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Police Find It Easier to Influence Public Opinion Than to Protect and Serve

by Benjamin Tschirhart

Ask the average person how the police department of a major city could best use $300,000, and they might suggest investing in de-escalation training, mental health crisis response, or teaching officers how to distinguish cell phones from firearms.

Ask the same question of a high-dollar police department public relations team, and the answer will be much different. As it turns out, it’s much easier to convince people you are making them safer than to actually do it. Recent calls to defund the police notwithstanding, cities like San Francisco still devote staggering amounts of money to their police forces. The annual budget of the San Francisco Police Department (“SFPD”) constitutes 9% of the city budget — more than $706,000,000 per year. For that expenditure, the people of a major city ought to receive some top-notch protection and service. San Francisco is not exceptional or alone in their massive police spending. And at first glance, it does appear as though the men and women in uniform are producing results. According to the National FBI Uniform Crime Report (“UCR”) database, in 2018, SFPD made a total of 13,885 arrests.

But a closer look reveals a picture that is not so reassuring. In May 2022, civil rights lawyer Alec Karakatsanis testified before San Francisco city leaders concerning their police department’s use of a very expensive public relations team to influence public opinion regarding law enforcement. According to the County Board of Supervisors, SFPD documents show that a nine-person, full-time team headed by a director of strategic communications draws a $289,423 annual check, which also pays an undisclosed number of cops to do part-time influencing “work” on social media.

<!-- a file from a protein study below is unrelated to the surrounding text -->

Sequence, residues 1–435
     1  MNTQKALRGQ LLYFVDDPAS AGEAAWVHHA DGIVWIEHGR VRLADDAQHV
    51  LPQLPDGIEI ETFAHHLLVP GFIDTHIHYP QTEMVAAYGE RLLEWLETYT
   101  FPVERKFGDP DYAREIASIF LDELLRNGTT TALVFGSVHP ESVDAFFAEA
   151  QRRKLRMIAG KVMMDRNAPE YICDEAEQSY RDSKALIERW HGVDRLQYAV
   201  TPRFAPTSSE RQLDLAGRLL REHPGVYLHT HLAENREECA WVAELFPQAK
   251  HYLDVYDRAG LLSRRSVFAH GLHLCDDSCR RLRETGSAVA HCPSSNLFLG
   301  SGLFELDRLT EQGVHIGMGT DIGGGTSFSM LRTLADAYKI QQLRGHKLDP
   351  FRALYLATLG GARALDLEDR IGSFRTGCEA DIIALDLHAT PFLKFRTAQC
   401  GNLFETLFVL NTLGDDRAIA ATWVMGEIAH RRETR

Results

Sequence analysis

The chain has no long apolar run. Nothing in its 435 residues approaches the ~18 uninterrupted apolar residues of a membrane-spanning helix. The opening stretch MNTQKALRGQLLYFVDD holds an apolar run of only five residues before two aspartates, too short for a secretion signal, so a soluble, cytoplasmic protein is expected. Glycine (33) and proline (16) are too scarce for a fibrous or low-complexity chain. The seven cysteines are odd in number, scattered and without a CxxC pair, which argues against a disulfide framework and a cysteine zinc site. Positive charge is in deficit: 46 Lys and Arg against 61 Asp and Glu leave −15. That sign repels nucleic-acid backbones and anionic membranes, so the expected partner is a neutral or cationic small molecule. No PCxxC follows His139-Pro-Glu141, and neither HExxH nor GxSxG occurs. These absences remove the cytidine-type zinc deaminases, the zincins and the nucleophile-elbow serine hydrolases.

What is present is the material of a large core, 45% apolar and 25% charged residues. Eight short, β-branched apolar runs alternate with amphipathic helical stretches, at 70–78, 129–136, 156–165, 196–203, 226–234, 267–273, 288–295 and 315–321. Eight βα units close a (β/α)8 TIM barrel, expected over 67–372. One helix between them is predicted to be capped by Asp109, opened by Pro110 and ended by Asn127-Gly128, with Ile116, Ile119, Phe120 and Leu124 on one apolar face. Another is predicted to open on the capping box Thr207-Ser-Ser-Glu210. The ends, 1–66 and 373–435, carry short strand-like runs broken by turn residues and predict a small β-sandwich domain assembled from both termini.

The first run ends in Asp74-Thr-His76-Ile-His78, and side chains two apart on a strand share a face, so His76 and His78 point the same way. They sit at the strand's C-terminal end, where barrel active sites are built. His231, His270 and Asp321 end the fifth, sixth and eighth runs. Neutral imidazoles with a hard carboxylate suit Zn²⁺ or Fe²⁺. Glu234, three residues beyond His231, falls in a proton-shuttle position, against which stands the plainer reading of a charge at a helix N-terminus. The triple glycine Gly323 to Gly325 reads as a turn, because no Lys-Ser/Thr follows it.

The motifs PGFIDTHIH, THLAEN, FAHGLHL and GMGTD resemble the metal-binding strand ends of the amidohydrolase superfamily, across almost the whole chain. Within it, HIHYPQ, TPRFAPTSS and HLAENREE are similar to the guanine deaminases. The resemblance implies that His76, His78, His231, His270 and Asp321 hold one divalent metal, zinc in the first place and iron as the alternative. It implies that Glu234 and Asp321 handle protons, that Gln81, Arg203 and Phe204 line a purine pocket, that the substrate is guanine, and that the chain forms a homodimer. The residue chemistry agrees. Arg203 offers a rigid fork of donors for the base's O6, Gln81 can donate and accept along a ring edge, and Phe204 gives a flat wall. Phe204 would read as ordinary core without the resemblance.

Labeled “copaganda” by Karakatsanis, this social media activity pursues three primary goals. First, it attempts to focus people’s attention on crimes committed by the poor and vulnerable, shifting attention away from the crimes committed by the wealthy and powerful. For example: tax evasion and wage theft account for about one trillion and 50 billion dollars in ill-gotten gains, respectively. Compared to these numbers, all other forms of theft and robbery shrink into insignificance. But it isn’t wage theft that gets reported on the evening news.

Second, law enforcement propaganda seeks to convince the public that crime is on the rise. This is a favorite theme of mainstream news outlets, regardless of the fact that according to the FBI, all major “index crimes” are currently at a 40-year low.

Finally, the police propagandists are intent on convincing the public that the only way to stay safe is to pour even more money into the bottomless pits of law enforcement and incarceration.

The U.S. spends more money on police and prisons than any country has at any time in history. If this truly were the key to a safe society, this would be the safest country in the history of the world, but it’s not. And while crime is indeed in decline (contrary to the claims of propagandists), the U.S. is still exceptionally violent and crime-ridden compared to other wealthy, developed nations. Unfortunately, the police go to great lengths to conceal the fact that a great deal of this crime is committed by law enforcement agents against the very people whom this ravenous carceral police state claims to protect. 


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